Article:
Channel 4 at 9pm last night was the place to be for Jamie Oliver’s Sugar Rush. No stranger to these pages, this time Jamie is tackling the issue of our nation’s excessive sugar consumption.
You’d have to have been living under a rock not to have read or seen something in the media lately about how we’re all eating way too much sugar than is good for us. True to form, Jamie got down to the nitty gritty and explained it in easy to understand language.
The two biggest problems related to our sugar consumption are obesity-related Type 2 diabetes and tooth decay. Watching a young boy have six rotten teeth removed under general anaesthetic was uncomfortable viewing but he’s just one of over 45 thousand cases of children going to hospital for this procedure every year in the UK. In addition, some 170 limbs are amputated every year as a result of problems arising from Type 2 diabetes.
So what’s the solution? Jamie headed to Mexico where fizzy drinks like Coke and Pepsi are so ingrained in the culture that they’re even given to babies who are still breastfeeding. The country has a major problem on its hands: two-thirds of its population is obese and its desperate health care system is struggling with a rising incidence of blindness, limb amputation and death, all a result of eating and drinking too much sugar.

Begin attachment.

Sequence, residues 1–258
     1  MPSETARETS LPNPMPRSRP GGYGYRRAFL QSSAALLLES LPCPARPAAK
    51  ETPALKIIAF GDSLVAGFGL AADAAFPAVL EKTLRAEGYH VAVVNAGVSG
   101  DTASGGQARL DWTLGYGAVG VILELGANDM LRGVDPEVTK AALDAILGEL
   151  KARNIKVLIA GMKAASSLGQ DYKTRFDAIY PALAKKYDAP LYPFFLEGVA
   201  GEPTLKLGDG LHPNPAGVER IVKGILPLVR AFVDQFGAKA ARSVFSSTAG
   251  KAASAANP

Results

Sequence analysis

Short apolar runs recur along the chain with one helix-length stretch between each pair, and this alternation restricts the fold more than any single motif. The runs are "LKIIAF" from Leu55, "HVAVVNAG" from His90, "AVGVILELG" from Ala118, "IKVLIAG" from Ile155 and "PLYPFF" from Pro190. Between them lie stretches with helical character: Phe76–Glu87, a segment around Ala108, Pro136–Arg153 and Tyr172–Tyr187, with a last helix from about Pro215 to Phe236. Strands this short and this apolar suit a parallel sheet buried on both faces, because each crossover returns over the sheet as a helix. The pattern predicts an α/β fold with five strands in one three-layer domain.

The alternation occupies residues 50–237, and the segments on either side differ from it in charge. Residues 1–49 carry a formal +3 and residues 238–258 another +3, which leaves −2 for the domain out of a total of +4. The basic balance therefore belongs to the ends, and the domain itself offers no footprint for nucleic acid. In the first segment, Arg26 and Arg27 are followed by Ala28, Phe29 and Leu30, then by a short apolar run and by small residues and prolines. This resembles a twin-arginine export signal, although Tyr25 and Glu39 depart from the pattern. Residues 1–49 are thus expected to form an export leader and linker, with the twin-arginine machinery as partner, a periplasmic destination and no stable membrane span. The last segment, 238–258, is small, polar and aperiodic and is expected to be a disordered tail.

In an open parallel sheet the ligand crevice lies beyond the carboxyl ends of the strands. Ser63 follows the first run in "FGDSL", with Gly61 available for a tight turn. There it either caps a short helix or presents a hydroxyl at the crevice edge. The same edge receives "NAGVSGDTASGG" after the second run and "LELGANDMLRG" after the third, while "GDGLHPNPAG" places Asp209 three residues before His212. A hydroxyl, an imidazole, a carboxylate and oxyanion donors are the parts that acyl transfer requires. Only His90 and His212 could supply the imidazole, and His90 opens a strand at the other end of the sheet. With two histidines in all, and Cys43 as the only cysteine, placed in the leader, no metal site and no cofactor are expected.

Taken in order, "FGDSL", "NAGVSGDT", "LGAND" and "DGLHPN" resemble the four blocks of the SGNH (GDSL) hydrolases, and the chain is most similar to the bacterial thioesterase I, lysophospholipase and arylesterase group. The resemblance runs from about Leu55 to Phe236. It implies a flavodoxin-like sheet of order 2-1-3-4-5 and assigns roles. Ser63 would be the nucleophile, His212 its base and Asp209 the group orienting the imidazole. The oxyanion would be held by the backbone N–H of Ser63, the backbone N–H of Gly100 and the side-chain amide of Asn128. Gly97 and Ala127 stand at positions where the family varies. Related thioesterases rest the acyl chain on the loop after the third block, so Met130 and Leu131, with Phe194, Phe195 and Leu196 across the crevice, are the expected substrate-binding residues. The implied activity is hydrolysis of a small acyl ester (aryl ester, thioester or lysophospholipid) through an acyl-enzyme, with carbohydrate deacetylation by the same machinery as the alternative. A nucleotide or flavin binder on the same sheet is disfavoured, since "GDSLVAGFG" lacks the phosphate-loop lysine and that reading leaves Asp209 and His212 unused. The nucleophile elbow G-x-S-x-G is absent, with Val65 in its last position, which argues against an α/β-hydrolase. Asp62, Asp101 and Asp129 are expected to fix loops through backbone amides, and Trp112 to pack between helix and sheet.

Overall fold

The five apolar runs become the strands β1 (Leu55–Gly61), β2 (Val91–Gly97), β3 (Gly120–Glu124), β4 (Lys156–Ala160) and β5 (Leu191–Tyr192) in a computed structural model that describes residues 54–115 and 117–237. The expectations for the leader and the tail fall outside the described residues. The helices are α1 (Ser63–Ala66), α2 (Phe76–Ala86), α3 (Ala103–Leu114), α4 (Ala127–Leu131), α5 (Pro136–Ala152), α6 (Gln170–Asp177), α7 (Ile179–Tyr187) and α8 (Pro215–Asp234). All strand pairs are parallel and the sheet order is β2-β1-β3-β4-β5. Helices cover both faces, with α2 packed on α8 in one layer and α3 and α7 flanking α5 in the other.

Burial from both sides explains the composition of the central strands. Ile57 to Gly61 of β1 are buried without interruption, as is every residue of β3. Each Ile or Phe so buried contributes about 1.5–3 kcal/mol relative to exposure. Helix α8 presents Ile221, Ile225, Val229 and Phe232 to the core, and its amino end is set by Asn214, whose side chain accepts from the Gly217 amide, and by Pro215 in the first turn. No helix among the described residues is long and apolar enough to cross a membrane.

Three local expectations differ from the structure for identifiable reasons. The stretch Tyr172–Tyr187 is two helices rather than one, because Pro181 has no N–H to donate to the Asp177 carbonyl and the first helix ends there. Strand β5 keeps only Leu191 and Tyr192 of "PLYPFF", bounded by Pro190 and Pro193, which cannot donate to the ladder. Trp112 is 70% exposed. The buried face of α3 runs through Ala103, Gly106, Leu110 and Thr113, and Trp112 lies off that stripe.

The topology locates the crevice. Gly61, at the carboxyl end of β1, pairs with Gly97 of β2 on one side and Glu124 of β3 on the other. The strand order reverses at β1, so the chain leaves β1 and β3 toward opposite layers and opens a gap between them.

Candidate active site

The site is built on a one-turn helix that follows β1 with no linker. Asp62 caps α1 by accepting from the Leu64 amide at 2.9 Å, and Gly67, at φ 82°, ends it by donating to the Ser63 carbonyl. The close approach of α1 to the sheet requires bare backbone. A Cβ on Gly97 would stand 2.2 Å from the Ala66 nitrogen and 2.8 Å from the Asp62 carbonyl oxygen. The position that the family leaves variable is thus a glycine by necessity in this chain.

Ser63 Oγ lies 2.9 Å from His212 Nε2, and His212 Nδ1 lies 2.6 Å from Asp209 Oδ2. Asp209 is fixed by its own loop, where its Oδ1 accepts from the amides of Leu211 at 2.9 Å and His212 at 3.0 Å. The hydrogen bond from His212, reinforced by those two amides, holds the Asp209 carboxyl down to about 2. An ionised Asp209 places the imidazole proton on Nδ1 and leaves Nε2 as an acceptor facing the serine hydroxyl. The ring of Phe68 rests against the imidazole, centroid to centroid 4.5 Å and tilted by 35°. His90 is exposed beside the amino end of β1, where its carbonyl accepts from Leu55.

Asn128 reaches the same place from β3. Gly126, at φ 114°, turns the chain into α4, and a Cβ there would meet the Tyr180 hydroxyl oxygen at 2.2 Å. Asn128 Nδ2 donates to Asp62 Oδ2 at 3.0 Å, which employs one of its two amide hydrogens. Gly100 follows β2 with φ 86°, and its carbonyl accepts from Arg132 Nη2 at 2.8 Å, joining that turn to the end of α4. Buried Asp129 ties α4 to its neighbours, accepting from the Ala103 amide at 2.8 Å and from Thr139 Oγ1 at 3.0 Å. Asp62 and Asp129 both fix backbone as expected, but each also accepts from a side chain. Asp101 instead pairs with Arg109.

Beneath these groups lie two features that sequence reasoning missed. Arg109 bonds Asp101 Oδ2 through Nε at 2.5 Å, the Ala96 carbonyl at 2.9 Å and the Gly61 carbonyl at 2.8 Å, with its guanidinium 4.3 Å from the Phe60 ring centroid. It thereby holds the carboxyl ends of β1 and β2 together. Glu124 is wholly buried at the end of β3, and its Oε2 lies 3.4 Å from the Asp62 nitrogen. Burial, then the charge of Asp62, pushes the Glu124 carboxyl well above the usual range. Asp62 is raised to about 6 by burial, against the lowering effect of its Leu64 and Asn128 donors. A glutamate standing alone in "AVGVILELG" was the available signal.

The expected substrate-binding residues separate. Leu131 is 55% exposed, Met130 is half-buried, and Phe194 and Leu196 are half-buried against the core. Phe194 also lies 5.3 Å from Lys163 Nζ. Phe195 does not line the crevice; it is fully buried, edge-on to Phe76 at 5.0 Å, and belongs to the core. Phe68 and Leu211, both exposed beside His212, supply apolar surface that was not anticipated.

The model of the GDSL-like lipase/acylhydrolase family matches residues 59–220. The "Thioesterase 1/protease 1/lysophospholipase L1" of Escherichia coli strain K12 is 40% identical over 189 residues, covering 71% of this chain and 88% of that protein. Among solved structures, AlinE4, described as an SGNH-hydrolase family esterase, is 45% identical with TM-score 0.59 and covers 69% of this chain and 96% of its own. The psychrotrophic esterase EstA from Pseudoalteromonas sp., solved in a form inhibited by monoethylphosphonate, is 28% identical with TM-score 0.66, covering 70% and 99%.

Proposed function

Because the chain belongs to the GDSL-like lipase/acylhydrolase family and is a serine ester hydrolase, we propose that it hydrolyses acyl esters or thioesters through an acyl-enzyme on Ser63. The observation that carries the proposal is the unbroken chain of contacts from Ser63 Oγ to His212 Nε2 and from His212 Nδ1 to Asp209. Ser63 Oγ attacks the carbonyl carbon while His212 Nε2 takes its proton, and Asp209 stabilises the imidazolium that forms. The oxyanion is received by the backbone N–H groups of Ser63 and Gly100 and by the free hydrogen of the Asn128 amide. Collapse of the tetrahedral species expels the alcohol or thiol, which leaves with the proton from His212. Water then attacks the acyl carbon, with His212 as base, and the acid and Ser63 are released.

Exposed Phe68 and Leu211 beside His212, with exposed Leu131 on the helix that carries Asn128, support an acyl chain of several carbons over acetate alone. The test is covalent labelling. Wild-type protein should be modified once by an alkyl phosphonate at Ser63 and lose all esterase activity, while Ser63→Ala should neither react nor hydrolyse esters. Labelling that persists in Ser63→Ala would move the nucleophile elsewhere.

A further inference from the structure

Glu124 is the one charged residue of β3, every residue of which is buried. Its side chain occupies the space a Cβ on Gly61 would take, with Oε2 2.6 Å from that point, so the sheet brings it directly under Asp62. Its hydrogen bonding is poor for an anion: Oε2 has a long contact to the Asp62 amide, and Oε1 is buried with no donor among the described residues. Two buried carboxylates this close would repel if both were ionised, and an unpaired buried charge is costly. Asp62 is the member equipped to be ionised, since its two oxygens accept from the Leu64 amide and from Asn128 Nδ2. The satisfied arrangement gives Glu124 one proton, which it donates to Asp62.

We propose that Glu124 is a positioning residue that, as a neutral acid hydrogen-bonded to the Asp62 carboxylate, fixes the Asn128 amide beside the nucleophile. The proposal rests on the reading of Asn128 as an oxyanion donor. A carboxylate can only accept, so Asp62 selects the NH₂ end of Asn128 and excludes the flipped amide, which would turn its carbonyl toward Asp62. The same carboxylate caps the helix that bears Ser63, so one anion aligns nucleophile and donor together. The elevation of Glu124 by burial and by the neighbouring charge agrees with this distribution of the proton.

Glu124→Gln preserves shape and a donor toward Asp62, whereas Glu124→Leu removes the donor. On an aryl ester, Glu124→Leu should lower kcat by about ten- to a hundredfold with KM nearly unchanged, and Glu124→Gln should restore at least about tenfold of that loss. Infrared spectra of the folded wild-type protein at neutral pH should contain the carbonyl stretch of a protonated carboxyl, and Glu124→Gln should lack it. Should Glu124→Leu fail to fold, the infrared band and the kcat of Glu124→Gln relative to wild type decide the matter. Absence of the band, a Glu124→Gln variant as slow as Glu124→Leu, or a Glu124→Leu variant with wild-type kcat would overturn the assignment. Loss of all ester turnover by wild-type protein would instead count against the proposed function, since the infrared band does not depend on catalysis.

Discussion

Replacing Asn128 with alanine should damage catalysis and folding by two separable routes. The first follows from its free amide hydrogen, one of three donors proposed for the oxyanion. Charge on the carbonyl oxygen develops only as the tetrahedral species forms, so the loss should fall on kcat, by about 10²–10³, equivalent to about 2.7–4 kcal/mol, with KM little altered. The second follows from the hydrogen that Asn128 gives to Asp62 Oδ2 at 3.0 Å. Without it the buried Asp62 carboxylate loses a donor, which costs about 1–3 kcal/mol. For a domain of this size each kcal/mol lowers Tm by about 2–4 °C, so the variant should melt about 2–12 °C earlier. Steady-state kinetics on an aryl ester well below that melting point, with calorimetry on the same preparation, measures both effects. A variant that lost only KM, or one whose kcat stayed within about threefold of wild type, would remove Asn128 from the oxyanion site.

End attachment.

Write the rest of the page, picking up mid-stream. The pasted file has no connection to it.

Faced with this, Mexico introduced a 1 peso a litre tax on drinks with added sugar in January last year. As a result, consumption of these drinks has fallen by 6% and the tax has raised over US$1 billion in one year alone, money which has been poured back into the health system.
A similar tax has been called for here in the UK by the British Medical Association, dentists and other health professionals. A 20p per litre tax on sugar-added drinks would potentially reduce consumption by 15%, obesity by 200,000 people and raise up to £1 billion a year for the NHS and food education in schools.
With no action so far from the government, Jamie is getting the ball rolling by introducing a tax in his own restaurants – 10p for every non-alcoholic drink that contains added sugar – and calling on his restaurant friends to do the same. The money raised will fund food education in schools under a new Children’s Health Trust.
In the meantime, there’s a petition to sign calling for the government to debate the introduction of a sugary drinks tax in Parliament. So if you want to do something to curb our dependence on sugar and support the NHS, here’s where you sign.